7. I always do a little test when I’m unsure whether to toss: I ask myself, “If one of my kids spilled permanent ink on this or broke it or destroyed/ruined it in some way, would I a. feel the need to replace it for its usefulness, b. feel saddened because of its sentimental value, or c. shrug and say ‘whatever’?” If it’s a or b then I need to keep it, but 9 times out of 10 it’s c and away it goes.
    Kasey´s last post…Home-based Preschool: G is for GHOST!

  8. I learned this lesson well when I sold my last house. Filled a whole storage unit with stuff I took out to stage the house. 6 months later, I realized there was only 1 thing in there I really missed/wanted during that time. 1.
    Rita@thissortaoldlife.com´s last post…15 Minute Friday: Setting a Goal

  9. Good point! Fear is not a good reason for stuff.

    However, sometimes we keep things that don’t work for us because of other reasons. Frugality and sharing are good reasons and can sometimes lead me to keeping a little more than my clutter-free side would prefer. If something is of value and will likely be useful to someone (possibly my family), I tuck it downstairs and give it as soon as the opportunity arises. This has happened many times this year and it is always a blessing to both me and the recipient!

    The best post I’ve ever read on this aspect of ‘stuff’ is Lindsay’s: http://www.passionatehomemaking.com/2012/06/why-do-i-have-this-stuff-building-a-sharing-community.html

  10. I agree. I threw out a bunch of stuff this morning. And almost second-guessed a couple of half-full lotion bottles. Silly.

    Clothes are trickier for me though. Perhaps once I’m past the pregnancy/nursing stage of life, but in the last few years my sizes have changed so drastically I have clothes in about 8 different sizes, and I’m hesitant to get rid of anything, in case I might need it in the next few years.
    Jessica @ Quirky Bookworm´s last post…TLC Book Tour: Ironskin (& a giveaway!)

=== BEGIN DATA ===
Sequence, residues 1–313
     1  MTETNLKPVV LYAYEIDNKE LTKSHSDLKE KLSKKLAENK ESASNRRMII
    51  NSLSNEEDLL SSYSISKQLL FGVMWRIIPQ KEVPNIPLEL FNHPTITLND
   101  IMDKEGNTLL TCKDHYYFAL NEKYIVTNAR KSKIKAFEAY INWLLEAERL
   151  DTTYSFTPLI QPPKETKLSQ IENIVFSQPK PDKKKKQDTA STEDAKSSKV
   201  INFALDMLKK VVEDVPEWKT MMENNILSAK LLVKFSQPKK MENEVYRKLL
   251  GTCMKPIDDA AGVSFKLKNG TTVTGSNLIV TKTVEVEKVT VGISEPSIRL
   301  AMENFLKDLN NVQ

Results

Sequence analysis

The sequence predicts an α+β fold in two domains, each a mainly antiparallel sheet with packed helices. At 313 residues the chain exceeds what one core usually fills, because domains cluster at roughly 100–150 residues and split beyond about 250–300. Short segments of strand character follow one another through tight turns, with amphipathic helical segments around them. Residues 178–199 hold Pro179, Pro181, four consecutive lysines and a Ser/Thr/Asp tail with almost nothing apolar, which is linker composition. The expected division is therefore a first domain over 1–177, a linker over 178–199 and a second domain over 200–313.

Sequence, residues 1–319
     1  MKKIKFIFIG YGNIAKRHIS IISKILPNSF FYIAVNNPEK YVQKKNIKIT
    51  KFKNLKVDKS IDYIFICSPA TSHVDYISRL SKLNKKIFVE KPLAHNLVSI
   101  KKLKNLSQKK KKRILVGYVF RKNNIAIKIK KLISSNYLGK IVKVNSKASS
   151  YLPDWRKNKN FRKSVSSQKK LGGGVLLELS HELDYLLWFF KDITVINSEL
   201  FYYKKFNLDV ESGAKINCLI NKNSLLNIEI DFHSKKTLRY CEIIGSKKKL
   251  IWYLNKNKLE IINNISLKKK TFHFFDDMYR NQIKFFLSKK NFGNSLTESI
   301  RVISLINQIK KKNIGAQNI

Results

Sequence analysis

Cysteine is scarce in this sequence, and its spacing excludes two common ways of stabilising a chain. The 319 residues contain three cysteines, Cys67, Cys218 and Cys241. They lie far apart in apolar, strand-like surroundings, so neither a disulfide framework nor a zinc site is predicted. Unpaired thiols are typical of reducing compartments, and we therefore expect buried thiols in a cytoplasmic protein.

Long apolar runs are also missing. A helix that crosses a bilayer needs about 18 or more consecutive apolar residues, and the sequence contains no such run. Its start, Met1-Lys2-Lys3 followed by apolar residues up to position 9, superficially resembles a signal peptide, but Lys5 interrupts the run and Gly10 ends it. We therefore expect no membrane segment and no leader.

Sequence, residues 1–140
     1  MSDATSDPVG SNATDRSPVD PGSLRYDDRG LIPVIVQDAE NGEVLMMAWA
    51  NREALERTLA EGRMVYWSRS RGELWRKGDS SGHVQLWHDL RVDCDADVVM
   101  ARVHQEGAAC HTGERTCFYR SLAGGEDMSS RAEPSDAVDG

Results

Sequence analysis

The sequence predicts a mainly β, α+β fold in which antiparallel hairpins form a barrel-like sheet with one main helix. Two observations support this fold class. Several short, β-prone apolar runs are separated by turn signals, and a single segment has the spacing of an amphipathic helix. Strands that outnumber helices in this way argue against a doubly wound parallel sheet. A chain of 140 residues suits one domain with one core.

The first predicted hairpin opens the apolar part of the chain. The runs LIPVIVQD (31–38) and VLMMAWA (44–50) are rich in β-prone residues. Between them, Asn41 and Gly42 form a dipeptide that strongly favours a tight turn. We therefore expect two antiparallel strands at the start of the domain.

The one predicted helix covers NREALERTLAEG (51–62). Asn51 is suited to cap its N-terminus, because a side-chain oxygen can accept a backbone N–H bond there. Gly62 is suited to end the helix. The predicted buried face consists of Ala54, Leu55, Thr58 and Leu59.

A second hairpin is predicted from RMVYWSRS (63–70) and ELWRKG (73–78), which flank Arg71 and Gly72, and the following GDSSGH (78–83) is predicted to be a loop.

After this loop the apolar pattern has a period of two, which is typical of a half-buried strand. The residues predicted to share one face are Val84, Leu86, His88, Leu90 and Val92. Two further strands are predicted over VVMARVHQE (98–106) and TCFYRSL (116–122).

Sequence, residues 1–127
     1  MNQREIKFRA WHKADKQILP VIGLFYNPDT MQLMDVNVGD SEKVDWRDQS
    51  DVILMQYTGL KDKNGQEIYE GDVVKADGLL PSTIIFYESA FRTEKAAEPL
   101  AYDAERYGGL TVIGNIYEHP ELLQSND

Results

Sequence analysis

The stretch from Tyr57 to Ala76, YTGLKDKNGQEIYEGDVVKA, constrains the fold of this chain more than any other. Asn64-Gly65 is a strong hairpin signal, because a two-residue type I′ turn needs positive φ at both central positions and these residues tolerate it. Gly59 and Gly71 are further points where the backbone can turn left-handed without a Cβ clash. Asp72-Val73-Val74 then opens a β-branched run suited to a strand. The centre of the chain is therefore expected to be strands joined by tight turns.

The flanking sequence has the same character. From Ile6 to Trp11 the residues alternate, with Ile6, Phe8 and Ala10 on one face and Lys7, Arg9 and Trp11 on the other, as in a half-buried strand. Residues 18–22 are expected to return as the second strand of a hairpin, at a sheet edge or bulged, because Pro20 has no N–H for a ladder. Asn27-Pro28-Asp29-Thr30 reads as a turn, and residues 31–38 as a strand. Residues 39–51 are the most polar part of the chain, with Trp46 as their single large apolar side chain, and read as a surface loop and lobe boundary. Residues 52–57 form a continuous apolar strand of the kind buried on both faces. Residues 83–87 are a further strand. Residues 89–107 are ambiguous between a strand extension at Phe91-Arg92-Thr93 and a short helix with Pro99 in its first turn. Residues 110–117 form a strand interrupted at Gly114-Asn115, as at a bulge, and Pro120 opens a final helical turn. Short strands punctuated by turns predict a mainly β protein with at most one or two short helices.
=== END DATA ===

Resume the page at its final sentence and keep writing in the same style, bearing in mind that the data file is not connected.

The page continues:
• Oh, I find unused lotions and such so hard to throw away. That does feel so wasteful but having them go bad in my cupboard is not helping so I may as well just get rid of the clutter!

    • Hi Jessica–I know what you mean. When my marriage was ending, I lost a ton of weight. (Stress kicks my metabolism into warp drive.) It came back gradually. At one point, I had clothes in a range of 6 sizes. I was keeping them all in case I needed them again, and I hated to get rid of things I’d spent money on.

      I finally realized two things: 1. By the time my body might return to that size, either the clothes would no longer be as stylish or my style would likely have changed some. 2) I want to dress for who I am now, not for who I used to be.

      Much as I loved some of those “skinny” clothes (and how I looked in them), I realized that I don’t want to be the woman who fit into them. I want to be the one I am now. Getting rid of the old made room for things that physically and emotionally fit me now. (Hope this is helpful in some way.)

      • Yeah, I think once baby #2 (which is still theory at this point! don’t want to start rumors!) arrives, all those maternity clothes are goners. If someday we happen to have another kid, I’ll get new ones that’ll be more in style at that point. :)
        Jessica @ Quirky Bookworm´s last post…TLC Book Tour: Ironskin (& a giveaway!)

      • @ Rita – and of course @Rachel :-)
        I am not sure, if I understand you correctly – ” 2) I want to dress for who I am now, not for who I used to be.” – Does this imply that you give a away clothes that still fit? I just can’t do that, it seems to be a waste of money.
        Maybe choosing classic clothes helps? I mean my sweaters are made of cashmere in navy blue, beige and black. My shirts are without patterns, white, blue, grey, rosé.
        Maybe it has to do with heritage – I grew up in a country where my grandparents experienced 2 worldwars. Throwing away stuff – even if it means giving the items to salvation army – was just not part of the concept of living.

        Now that I am more aware of wast and our environment, I find it even harder to throw/give a way clothes that still fit.

        I enjoy jogging in 15 years-old-pants and never envy those people who obviously wear new stuff. I think it is an achievement, holding on to your old stuff and only replace it when it’s damaged.

        What do you think?

        • PS: I forgot to say I just pulled out that 20-years-old-tweed skirt and I am so glad I kept it in my closet all those years. This only “works” as long as you don’t buy clothes for fun, since there is not that much space in the closet. Especially when you share a 600sqft apartment with your partner! I guess I am lucky I never enjoyed shopping. It seems like a waste of time and exhaustes me. Last weekend Mr Paula and I escaped a mall after an attempt and escaped to a riverscape.

    • I still have a box of my nursing and maternity clothes too since my sizes change so quickly. They’re stored out of the way. I think maternity clothes can be worth keeping unless you have friends who wear the same size and style. It’s just for a few years.

    • Jessica, Boxing up clothes by size might work. Every time to you open the box to use those clothes, you can cull for style.
      Bridget´s last post…Rules of Mother-in-Law Etiquette